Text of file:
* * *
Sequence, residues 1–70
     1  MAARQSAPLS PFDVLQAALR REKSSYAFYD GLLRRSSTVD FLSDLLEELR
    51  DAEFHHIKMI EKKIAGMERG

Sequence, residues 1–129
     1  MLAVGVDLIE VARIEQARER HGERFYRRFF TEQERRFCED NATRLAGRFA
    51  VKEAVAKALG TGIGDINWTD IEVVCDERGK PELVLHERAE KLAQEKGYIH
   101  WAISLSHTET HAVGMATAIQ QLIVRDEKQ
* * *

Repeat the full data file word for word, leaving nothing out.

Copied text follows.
Sequence, residues 1–70
     1  MAARQSAPLS PFDVLQAALR REKSSYAFYD GLLRRSSTVD FLSDLLEELR
    51  DAEFHHIKMI EKKIAGMERG

Sequence, residues 1–129
     1  MLAVGVDLIE VARIEQARER HGERFYRRFF TEQERRFCED NATRLAGRFA
    51  VKEAVAKALG TGIGDINWTD IEVVCDERGK PELVLHERAE KLAQEKGYIH
   101  WAISLSHTET HAVGMATAIQ QLIVRDEKQ